Enforcing disaster preparedness is still a far cry in Nepal. Our efforts have been mostly focused on response. And response mechanism is activated only in time of emergency
Monsoon, in many ways, is lifeblood for Nepali economy, which largely depends on agriculture, with nearly 66 percent of population directly engaged in farming and more than 26.5 percent of contribution of agriculture in gross domestic product. Sadly, though monsoon brings respite for farmers, it also brings a fair share of calamities with it. Given the country’s fragile topography, complicated geographical structure and climatic variations, Nepal is highly vulnerable to several rain-induced disasters during monsoon—flash-flooding, inundation, thunderstorms, cloudbursts, landslides, among others.
Landslides and floods have wreaked havoc in various parts of Nepal this year. Lands and human settlements were inundated, ravaged and swept away. Houses and walls collapsed. Roads were washed away and utility poles were disrupted. As per the updates of Ministry of Home Affairs as of July 18, as many as 90 people were killed, 41 sustained injuries while 29 are still missing, and 12,938 families were rendered homeless. More than 25 districts of Tarai and mid-hills have suffered the tragedy. It is estimated that 452 thousand people from 90 thousand families have been affected. Preliminary estimation shows properties worth billions have been damaged.
Landslides and floods are common in Nepal during monsoon. They take their horrendous toll on large population while wreaking havoc on agriculture, environment, industries and economy, and other developmental activities. Every year, Nepal records heavy loss of lives, property and infrastructures to monsoon related disasters.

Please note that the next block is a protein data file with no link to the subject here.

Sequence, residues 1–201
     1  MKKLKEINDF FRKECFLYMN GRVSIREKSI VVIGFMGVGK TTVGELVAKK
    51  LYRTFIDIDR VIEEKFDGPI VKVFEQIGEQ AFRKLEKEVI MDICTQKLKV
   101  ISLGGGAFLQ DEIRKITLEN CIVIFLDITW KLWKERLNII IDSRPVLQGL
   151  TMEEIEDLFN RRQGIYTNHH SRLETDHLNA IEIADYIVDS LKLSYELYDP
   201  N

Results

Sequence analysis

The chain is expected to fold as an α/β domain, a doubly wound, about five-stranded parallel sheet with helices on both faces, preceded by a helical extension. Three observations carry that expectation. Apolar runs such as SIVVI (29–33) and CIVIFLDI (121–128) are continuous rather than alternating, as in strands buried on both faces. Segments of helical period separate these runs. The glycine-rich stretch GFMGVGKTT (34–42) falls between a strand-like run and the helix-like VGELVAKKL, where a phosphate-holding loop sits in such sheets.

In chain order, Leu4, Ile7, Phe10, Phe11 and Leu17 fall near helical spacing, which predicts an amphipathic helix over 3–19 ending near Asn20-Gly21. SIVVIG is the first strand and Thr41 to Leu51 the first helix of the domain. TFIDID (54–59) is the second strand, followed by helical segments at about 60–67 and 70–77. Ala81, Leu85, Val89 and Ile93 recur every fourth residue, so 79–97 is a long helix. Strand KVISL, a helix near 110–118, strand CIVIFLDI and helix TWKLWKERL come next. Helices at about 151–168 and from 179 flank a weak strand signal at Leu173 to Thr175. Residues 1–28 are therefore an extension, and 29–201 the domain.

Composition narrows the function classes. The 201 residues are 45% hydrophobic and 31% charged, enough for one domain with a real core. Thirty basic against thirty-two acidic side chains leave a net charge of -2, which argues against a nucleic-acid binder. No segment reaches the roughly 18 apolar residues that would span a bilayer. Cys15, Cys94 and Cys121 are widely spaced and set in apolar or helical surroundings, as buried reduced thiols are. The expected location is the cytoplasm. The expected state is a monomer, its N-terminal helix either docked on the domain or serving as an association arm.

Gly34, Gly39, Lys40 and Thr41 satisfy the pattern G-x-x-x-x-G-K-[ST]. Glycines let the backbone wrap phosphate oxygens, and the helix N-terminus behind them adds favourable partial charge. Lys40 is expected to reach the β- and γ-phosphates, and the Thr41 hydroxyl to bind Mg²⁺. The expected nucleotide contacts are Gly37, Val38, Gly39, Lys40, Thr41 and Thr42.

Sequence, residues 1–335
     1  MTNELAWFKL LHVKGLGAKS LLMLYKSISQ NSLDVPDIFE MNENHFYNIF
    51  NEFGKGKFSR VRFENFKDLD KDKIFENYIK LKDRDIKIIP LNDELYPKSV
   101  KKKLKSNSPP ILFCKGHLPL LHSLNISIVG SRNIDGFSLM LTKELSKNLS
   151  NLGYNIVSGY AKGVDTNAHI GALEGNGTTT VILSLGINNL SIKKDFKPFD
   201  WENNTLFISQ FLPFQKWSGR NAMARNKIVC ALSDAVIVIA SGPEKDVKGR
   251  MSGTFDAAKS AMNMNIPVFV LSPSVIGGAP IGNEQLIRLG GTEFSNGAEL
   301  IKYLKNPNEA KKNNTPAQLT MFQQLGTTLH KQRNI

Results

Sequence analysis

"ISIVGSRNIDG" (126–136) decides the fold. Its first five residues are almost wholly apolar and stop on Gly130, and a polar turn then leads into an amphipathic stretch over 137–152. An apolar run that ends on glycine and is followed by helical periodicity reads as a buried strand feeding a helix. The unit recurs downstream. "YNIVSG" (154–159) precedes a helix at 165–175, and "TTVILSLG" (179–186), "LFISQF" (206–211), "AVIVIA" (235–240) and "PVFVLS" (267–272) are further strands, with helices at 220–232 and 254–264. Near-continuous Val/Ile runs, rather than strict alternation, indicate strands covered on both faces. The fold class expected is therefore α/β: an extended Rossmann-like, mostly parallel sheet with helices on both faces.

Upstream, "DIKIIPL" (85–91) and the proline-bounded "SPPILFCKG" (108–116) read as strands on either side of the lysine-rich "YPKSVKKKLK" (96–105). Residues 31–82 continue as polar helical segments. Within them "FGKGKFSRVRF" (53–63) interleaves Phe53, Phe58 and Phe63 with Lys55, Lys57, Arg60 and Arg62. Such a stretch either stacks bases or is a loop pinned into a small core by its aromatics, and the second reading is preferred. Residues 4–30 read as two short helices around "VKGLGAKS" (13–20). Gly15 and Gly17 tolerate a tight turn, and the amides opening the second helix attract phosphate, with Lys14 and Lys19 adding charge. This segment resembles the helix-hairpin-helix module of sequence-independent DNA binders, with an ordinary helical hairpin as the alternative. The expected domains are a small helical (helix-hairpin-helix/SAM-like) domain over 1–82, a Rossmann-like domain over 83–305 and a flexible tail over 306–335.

Tens of thousands of people are evicted from their permanent settlements as their settlements are deluged with flooding, swept away and left in ruins. Besides, vehicular movements and other critical services are brought to a grinding halt for hours or even for days as floods and landslides obstruct various road stretches, leaving hundreds of thousands of commuters stranded. This happened along East -West Highway recently. Heavy rains often wipe away roads, bridges, utility poles, and other critical infrastructures, trapping villagers and leaving vast areas inaccessible to humanitarian support. Also in the wake of these natural calamities, various health hazards loom large. Mostly the poor population, children, women and elderly people have to bear the brunt of life-threatening impacts of monsoon mayhem.
Threats and actions
Nepal is home to more than 6,000 rivers and rivulets. Most of them swell beyond their capacity during monsoon when incessant rainfall lashes the nation for hours. The settlements near the major river basins such as Mahakali, Karnali, Babai, West Rapti, Gandaki, Bagmati, Kamala, Koshi, Kankai, among other southern rivers, and structures on the banks of rivers are badly hit as they are always at higher risk of floods. The hills and high hills also experience landslides, avalanche and glacial lake outburst owing to their topographical vulnerability, fragile ecosystem, and young geology of the Himalayas.
Dams, embankments and other structures built by India along the border, Nepal’s lack of diplomatic acumen to resolve this issue with India through talks, haphazard extraction of Chure, haphazard road construction in the hills without proper feasibility study and sustainable engineering, unplanned urbanization and deforestation, impacts of climate change, weak channeling of funds allocated for disaster risk reduction efforts due to corruption, among others, have exacerbated the disaster risks.